Financial Times devoted in its Friday's issue an editorial article about infighting inside the bloody gang of Putin's crooks and thieves under the headline "Putin's power play".
The newspaper notes that Russia's new-old gang government bears all the marks of a country paralyzed by infighting.
On his return to the post of (illegitimate) "hawk", Putin's priority seems to be maintaining the balance of power between the rival political clans that surround him. His strategy of balance and rule does the country little good, and in the long run hems him in as much as it preserves his supremacy.
"Dove"Medvedev, the (illegitimate) prime minister whom Putin used to keep the presidential chair warm for him by his dwarf ass, is more "sympathetic to reforms" needed to modernize the top-heavy petro-state that is Russia. But if he expected greater opportunities to pursue a reformist agenda, he must be disappointed.
Many ministers stayed on in the transition. Some who left got jobs in the Kremlin, suggesting a parallel government. The most significant reshuffle was the replacement of "hawk" Igor Sechin, an opponent of liberal reforms, with "dove" Arkady Dvorkovich, a Medvedev ally, in the post in charge of energy. But Sechin was immediately forwarded to the board of Rosneftegaz, which holds the state's stakes in energy companies. He was also made chief executive of Rosneft, the oil company.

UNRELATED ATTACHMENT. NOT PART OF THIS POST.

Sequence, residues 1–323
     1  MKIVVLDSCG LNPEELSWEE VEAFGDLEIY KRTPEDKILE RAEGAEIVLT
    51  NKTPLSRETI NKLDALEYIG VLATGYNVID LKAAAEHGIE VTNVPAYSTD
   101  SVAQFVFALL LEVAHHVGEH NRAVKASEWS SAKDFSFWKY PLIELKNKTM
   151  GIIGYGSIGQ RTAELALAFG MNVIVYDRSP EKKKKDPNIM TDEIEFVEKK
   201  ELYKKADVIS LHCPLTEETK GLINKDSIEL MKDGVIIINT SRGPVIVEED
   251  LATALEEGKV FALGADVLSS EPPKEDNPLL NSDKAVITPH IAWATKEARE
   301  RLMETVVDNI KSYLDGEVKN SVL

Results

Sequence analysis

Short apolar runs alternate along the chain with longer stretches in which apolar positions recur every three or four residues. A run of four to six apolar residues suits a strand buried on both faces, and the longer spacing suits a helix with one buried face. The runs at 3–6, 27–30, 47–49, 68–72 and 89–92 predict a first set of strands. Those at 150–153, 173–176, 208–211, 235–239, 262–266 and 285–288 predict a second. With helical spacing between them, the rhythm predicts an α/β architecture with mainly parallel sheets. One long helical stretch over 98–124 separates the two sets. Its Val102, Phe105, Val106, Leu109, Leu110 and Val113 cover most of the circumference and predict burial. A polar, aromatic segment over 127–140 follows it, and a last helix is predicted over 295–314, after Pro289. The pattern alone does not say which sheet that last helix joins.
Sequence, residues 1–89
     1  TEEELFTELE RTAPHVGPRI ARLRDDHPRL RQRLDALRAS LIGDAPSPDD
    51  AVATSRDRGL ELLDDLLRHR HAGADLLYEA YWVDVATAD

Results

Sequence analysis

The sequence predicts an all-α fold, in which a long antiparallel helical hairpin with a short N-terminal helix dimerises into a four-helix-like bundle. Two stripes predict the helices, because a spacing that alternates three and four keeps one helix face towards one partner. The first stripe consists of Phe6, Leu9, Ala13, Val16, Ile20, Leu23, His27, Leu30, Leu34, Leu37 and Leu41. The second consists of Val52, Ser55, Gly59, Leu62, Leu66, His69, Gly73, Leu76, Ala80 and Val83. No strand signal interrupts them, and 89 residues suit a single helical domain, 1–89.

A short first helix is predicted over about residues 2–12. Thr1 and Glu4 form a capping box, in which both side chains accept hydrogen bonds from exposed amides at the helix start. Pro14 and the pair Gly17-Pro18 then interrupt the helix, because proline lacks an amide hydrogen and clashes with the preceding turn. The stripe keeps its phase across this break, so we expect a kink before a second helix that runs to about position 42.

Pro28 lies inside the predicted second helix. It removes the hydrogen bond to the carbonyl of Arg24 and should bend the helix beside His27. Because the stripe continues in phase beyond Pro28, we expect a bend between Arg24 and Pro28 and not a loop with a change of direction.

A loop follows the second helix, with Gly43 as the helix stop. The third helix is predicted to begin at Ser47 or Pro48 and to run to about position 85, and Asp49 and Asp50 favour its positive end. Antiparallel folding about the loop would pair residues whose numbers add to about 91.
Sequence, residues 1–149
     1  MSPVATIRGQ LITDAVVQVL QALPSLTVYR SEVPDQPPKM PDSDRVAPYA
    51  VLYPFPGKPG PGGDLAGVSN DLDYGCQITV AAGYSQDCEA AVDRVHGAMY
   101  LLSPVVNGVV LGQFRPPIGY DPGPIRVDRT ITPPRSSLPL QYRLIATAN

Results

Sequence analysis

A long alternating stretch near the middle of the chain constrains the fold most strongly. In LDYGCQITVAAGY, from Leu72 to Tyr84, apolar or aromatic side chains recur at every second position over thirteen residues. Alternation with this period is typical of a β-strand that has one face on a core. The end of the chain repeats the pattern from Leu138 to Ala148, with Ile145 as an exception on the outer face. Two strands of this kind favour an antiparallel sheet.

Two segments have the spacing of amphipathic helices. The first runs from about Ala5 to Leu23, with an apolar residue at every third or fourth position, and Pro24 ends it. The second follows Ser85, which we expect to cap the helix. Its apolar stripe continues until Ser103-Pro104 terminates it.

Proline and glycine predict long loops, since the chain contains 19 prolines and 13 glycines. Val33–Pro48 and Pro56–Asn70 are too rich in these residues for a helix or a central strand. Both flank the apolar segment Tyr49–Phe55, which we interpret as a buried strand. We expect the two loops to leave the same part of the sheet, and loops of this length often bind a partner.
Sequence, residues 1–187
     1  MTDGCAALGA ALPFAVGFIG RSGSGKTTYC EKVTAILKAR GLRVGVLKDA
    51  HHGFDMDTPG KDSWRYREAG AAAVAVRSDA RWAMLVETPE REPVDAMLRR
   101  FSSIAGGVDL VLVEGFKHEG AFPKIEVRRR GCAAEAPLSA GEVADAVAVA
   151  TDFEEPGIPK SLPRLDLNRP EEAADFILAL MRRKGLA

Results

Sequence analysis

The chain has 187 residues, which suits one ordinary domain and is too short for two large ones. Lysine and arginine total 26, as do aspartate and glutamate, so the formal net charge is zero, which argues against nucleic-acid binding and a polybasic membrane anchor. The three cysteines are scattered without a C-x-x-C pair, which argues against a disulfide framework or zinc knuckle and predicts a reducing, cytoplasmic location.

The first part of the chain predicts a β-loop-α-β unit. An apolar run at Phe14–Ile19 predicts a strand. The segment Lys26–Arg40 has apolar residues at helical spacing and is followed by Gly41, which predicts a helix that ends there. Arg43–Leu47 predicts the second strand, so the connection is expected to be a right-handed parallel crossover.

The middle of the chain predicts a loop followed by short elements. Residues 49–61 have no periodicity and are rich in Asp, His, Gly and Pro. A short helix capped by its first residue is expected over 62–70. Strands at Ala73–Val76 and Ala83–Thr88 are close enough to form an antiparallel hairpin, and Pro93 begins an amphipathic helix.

Far from a demotion, this may well strengthen "hawk" Sechin's grip on the energy sector, and therefore weaken "dove" Dvorkovich's reformist influence. Furthermore, "hawk" Putin has quickly issued several decrees that have thrown into disarray a programme for privatising state-controlled businesses.
No wonder Russian stocks have had a rollercoaster ride this week. The rivalry around Putin feeds two scourges: uncertainty about what will happen and a prospect of eventual paralysis. Both dim the hope for serious reform.
This situation is not sustainable, writes FT. If Putin does not set a clear course, events will force his hand. The longer he continues his tightrope balancing act, the harder it will be to pick any course of action without falling down.
Department of Monitoring